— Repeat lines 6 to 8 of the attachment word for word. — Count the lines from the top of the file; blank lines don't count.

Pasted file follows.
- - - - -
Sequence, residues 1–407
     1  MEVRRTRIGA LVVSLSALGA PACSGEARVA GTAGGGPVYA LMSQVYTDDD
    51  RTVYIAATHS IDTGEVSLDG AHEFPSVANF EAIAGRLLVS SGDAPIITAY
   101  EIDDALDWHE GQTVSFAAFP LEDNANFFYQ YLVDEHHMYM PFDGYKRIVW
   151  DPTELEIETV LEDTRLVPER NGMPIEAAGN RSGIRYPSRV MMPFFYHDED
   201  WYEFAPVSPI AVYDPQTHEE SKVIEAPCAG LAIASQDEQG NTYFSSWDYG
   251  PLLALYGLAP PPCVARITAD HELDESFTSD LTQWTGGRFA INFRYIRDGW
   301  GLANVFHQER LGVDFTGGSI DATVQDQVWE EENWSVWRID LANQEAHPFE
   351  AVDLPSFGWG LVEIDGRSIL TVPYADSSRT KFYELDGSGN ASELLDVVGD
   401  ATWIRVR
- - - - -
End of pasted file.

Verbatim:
   201  WYEFAPVSPI AVYDPQTHEE SKVIEAPCAG LAIASQDEQG NTYFSSWDYG
   251  PLLALYGLAP PPCVARITAD HELDESFTSD LTQWTGGRFA INFRYIRDGW
   301  GLANVFHQER LGVDFTGGSI DATVQDQVWE EENWSVWRID LANQEAHPFE